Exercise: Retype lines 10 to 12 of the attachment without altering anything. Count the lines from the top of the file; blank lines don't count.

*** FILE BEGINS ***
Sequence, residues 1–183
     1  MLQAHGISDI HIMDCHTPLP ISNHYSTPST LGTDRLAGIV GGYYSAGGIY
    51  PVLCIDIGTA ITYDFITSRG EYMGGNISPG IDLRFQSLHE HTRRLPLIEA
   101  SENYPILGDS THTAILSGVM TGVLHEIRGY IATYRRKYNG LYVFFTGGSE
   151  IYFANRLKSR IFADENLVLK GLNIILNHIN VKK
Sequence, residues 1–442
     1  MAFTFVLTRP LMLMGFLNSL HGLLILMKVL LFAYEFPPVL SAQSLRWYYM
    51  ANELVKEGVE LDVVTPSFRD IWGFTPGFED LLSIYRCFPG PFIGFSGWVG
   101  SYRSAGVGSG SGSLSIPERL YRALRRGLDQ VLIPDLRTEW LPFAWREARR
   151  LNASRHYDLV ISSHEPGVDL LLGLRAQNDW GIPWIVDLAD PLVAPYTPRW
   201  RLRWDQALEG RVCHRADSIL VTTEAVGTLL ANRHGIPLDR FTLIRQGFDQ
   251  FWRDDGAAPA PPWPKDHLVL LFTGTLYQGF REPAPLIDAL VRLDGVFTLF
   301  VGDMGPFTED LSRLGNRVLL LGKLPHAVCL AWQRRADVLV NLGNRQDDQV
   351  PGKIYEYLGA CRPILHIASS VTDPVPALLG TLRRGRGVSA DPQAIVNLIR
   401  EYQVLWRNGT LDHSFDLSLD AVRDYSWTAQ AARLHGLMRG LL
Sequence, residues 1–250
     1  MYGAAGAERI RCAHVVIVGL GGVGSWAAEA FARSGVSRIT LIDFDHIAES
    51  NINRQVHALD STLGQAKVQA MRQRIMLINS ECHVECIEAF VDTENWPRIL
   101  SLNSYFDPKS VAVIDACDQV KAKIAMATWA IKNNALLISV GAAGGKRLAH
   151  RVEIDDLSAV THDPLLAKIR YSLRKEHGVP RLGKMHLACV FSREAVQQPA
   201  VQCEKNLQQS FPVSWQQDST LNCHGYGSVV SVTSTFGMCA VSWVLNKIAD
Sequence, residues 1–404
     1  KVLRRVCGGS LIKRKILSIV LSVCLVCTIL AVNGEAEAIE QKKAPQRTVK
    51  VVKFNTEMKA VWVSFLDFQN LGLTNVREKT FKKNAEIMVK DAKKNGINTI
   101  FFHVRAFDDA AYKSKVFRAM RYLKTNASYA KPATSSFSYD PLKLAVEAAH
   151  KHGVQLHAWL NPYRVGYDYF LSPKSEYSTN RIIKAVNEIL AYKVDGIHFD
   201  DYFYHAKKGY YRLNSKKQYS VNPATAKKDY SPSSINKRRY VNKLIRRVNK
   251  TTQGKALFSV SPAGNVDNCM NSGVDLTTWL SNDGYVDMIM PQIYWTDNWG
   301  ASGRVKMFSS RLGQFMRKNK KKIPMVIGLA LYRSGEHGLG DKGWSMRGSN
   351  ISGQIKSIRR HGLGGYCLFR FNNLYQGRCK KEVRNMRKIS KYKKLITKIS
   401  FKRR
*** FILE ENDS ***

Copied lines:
   151  LNASRHYDLV ISSHEPGVDL LLGLRAQNDW GIPWIVDLAD PLVAPYTPRW
   201  RLRWDQALEG RVCHRADSIL VTTEAVGTLL ANRHGIPLDR FTLIRQGFDQ
   251  FWRDDGAAPA PPWPKDHLVL LFTGTLYQGF REPAPLIDAL VRLDGVFTLF